11th July 2019


Cameron Chalmers (club: Guernsey; coach: James Hillier) and Oliver Bromby (Southampton) both claimed victories on the opening morning of the European Under-23 Championships in Gavle as all five Brits in action advanced.

Chalmers and Bromby won their heats in the men’s 400m and 100m respectively on a windy morning in Sweden with Dominic Ashwell (Shaftesbury Barnet; Marvin Rowe) joining the latter in the semi-finals and Jacob Fincham-Dukes (Leeds City; Zivile Pukstiene) and Reynold Banigo (Sale Harriers Manchester; Lukasz Zawila) both also progressing to the men’s long jump final.

Bromby, a European junior bronze medallist from two years ago, was the first British athlete to take to the track in Gavle and won the first of four heats in the men’s 100m in 10.83 into a -2.1m/s headwind to secure automatic qualification for the semi-finals later today.

He said: “There were two or three little iffy starts there [from the rest of the field] but we got there in the end. It wasn’t the best of times because it was very windy out there but it is nice to get the legs moving. I feel a bit optimistic coming in [to the Championships] because you can never know what is going to happen on the day. I am not coming in ranked in the top three or four, I think I’m about eighth, so anything can happen.”

Ashwell, who won the British 60m indoor title back in February, was drawn in heat three of the 100m and clocked 10.46 for second and safe passage to the semi-finals. Ashwell was the second fastest overall from the heats while Bromby was 12th.

European silver medallist Chalmers meanwhile rounded off the British interest on the first morning by comfortably winning the first of the men’s 400m heats. He established his dominance early and clocked 47.33 to rank sixth overall.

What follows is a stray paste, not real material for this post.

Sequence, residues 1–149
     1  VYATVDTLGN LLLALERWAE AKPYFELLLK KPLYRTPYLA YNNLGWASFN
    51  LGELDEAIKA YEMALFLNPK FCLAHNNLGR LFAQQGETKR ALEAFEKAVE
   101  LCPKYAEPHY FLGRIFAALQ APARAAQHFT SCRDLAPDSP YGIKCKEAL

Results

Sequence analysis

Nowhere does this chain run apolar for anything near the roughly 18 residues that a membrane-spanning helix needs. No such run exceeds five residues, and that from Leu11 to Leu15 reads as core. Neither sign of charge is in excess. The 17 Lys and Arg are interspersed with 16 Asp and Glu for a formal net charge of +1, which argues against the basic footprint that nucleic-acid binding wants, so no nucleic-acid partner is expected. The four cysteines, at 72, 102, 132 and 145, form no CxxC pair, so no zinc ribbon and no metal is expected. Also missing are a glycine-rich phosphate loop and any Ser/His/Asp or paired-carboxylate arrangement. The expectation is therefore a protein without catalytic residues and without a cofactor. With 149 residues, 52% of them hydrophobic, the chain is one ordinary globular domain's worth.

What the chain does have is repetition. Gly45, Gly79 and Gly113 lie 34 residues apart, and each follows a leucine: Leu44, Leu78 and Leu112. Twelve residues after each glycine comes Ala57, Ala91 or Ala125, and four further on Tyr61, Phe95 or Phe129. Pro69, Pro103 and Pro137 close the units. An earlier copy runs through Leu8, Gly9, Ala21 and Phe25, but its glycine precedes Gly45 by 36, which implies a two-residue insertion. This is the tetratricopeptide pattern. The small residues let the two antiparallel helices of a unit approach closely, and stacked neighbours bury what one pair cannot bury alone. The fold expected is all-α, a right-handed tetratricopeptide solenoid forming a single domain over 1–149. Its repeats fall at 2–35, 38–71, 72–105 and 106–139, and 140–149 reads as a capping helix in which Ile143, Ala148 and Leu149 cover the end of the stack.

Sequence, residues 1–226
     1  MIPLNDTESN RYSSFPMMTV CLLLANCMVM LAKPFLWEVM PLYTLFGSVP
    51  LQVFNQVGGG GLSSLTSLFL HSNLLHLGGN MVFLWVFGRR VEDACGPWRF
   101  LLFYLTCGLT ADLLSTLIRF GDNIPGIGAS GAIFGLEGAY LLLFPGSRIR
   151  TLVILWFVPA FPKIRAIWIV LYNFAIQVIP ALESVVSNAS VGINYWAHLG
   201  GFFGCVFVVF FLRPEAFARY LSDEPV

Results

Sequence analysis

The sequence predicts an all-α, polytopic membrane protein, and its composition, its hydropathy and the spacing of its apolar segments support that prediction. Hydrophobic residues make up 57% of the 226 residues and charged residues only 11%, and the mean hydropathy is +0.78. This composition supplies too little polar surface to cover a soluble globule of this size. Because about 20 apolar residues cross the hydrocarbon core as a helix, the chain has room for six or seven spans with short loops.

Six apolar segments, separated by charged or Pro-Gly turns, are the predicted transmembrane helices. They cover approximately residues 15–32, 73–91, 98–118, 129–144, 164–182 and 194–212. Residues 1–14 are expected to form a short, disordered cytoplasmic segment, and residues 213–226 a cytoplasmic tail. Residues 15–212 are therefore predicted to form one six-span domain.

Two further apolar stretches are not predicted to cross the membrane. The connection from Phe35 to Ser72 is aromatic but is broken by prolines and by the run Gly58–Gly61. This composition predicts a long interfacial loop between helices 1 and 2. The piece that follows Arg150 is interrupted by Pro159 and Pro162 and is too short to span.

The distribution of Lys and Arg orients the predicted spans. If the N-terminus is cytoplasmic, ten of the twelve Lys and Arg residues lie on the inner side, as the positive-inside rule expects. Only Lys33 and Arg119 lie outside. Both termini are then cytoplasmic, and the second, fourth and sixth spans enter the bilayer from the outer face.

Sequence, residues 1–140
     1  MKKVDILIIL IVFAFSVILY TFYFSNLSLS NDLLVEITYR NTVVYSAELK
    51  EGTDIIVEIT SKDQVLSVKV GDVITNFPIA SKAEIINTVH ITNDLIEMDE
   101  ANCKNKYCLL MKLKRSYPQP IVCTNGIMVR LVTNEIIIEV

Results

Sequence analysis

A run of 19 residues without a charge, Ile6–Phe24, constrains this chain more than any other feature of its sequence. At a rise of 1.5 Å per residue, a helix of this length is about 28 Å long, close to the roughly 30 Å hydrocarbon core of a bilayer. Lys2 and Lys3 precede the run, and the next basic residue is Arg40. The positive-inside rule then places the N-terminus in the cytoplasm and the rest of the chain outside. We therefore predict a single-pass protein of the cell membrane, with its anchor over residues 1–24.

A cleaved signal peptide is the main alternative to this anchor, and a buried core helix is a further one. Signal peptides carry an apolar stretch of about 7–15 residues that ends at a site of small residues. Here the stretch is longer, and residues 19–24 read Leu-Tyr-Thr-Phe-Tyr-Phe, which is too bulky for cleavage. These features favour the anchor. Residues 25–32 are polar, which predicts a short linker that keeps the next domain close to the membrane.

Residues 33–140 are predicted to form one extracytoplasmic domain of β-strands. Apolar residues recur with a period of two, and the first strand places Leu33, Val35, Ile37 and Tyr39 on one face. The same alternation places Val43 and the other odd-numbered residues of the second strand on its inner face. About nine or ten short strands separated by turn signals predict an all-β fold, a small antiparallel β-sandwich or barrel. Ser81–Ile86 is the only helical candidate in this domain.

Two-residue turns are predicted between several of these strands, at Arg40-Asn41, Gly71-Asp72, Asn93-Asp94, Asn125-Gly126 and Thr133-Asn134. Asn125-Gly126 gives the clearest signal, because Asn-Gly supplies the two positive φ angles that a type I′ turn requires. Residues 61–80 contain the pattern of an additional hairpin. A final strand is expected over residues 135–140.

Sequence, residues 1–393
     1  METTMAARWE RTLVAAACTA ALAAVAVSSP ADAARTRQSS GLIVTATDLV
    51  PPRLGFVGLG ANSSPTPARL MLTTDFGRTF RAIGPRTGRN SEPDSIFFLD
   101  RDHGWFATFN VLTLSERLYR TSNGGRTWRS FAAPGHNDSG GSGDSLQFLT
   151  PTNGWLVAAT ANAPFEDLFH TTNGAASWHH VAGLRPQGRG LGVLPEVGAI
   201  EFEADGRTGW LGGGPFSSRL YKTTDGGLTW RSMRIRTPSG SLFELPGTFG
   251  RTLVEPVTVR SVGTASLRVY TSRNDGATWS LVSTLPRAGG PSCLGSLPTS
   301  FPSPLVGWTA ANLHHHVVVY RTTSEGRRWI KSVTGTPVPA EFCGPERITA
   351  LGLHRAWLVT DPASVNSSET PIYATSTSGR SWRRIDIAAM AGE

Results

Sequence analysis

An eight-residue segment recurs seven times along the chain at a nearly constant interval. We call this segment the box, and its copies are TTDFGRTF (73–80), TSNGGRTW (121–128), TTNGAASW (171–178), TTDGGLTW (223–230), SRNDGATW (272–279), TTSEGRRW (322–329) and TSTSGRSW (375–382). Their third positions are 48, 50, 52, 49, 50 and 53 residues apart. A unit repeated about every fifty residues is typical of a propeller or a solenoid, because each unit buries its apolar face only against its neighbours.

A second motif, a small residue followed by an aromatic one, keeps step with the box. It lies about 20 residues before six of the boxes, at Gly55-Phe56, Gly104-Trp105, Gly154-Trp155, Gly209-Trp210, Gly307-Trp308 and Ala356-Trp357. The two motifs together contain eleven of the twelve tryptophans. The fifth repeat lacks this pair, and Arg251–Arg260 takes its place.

Long jumper Fincham-Dukes was actually the first British athlete to compete in Gavle and it was his opening attempt that would put him into the final. With an inconsistent supporting wind, Fincham-Dukes leapt 7.53m first up, and despite failing to better that, it was enough for him to progress to Friday’s final in tenth overall.

He said: “I felt a lot better than what my jumping showed. The wind is super swirly, and it is hard to judge. I’m through and tomorrow is a different day. It is in the afternoon which helps. I know what I need to do. I got it right on my last jump but I was just minorly over. I haven’t got a problem with how I am feeling and how fit I am.”

In stark contrast, it all came down to the last jump for Banigo to qualify with his 7.52m, enough to place him 11th overall. He got better throughout the morning going from 7.20m first up to 7.46m and then the 7.52m that secured his progression.

He said: “It’s a bit of a risky one but I’m glad I’m through to the final. Hopefully we’ll have a better performance tomorrow, the final is later in the day and it’s closer to my time of jumping in training and I want to get bigger jumps out and put on a show for the crowd. I’m normally good when it comes to performing at championship finals so hopefully that will push me towards a good mark and a long overdue PB.”